As 25th Anniversary Approaches, IHS Honors Ryan White’s Legacy with Book, EventMarch 20, 2015
Indianapolis—As the 25th anniversary of Ryan White’s death approaches, the Indiana Historical Society (IHS) will honor his legacy with the release of a new IHS Press book, The Quiet Hero: A Life of Ryan White, and a book launch event featuring his mother, Jeanne White-Ginder, and good friend and champion Olympic diver Greg Louganis. The event will take place Wednesday, April 1, at the Eugene and Marilyn Glick Indiana History Center, located at 450 W. Ohio St. in downtown Indianapolis.
In 1985, the eyes of the world turned to Indiana, as the 13-year-old Kokomo student attempted to join his fellow classmates at Western Middle School in Russiaville. However, his wish to return to school was met with panic by some school officials and parents—as White had been diagnosed with AIDS after receiving contaminated blood-based products used to treat his hemophilia.
The Quiet Hero: A Life of Ryan White, written by Nelson Price with readers of all ages in mind, explores the courage White and his mother, Jeanne, displayed in their battle to have him join his classmates. Price, who covered White’s controversy as a reporter and columnist for the Indianapolis News, goes behind the scenes and brings to light stories and individuals who might have been lost in the media spotlight that followed Ryan until he passed away on April 8, 1990.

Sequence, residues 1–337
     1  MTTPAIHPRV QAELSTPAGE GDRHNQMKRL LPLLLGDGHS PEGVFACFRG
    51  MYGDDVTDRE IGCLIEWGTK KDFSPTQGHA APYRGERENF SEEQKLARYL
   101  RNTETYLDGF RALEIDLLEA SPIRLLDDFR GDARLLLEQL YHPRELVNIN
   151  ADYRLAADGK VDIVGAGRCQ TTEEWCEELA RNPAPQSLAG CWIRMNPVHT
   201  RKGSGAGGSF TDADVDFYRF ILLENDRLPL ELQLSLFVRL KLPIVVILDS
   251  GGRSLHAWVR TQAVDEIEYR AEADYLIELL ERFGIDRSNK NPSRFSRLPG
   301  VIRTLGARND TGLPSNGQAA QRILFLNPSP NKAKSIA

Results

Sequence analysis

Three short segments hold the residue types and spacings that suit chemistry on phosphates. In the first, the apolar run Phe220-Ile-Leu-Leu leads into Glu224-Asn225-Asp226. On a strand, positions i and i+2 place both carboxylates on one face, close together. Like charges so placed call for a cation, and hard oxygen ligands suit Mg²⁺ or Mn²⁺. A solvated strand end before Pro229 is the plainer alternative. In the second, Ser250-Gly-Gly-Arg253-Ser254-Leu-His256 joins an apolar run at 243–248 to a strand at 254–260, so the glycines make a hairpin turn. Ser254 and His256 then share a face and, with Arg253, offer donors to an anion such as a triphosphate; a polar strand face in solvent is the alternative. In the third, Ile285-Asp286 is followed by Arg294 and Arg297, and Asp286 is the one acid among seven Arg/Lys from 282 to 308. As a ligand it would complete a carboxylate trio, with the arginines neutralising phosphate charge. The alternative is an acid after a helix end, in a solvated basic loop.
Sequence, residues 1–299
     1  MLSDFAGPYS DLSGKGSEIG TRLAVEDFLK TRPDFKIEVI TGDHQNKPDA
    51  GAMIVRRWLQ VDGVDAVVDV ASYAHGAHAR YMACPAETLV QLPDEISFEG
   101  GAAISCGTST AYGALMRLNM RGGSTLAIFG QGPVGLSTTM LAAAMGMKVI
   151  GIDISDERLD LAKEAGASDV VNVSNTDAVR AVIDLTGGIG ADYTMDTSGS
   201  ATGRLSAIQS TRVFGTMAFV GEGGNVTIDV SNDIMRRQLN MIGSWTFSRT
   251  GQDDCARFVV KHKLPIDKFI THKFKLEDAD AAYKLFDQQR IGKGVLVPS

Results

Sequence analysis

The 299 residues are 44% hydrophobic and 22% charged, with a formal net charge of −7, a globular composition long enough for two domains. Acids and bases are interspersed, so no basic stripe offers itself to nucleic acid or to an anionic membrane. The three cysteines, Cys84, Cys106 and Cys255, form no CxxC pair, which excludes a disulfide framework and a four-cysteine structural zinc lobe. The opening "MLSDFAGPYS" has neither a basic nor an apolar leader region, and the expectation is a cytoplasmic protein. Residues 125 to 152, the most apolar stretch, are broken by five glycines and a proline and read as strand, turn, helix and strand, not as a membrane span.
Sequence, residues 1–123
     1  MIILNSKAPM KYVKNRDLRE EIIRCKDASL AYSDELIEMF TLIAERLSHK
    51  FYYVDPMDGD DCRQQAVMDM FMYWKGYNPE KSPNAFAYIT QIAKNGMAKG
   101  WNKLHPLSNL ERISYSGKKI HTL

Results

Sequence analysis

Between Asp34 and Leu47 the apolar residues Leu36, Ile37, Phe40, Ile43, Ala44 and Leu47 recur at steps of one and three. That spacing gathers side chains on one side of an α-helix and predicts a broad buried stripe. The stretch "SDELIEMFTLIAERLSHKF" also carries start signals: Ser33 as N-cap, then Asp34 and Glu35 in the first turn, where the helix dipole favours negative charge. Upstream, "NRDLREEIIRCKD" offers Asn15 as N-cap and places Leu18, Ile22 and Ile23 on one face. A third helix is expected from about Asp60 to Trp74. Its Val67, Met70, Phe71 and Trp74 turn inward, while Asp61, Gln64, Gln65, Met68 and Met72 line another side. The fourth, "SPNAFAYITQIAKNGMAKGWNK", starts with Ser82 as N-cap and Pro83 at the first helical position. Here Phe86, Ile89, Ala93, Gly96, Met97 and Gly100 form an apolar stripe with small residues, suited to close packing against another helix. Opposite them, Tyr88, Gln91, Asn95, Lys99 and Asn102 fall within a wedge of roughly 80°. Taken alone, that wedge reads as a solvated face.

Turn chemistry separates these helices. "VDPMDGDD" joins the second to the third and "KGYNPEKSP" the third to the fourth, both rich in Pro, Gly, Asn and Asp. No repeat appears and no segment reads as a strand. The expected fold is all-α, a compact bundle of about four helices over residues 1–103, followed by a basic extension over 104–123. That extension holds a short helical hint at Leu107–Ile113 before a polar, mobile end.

The April 1 book launch event, which is free and open to the public, will begin at 6 p.m. with a reception and book signing with author Nelson Price, Jeanne White-Ginder and Greg Louganis. The evening will also include a panel discussion, which will feature Price, White-Ginder, Louganis and IHS President and CEO John A. Herbst, and be followed by a question-and-answer session with the audience.
Admission to the book launch event is free, but space is limited for the program portion of the evening. To reserve a seat, contact Kimberly Rohl at firstname.lastname@example.org or (317) 233-5658. For more information on IHS books and programs, call (317) 232-1882 or visit www.indianahistory.org.
About the Indiana Historical Society
Since 1830, the Indiana Historical Society has been Indiana’s Storyteller, connecting people to the past by collecting, preserving, interpreting and sharing the state’s history. A private, nonprofit membership organization, IHS maintains the nation’s premier research library and archives on the history of Indiana and the Old Northwest and presents a unique set of visitor exhibitions called the Indiana Experience. IHS also provides support and assistance to local museums and historical groups, publishes books and periodicals; sponsors teacher workshops; produces and hosts art exhibitions, museum theater and outside performance groups; and provides youth, adult and family programming.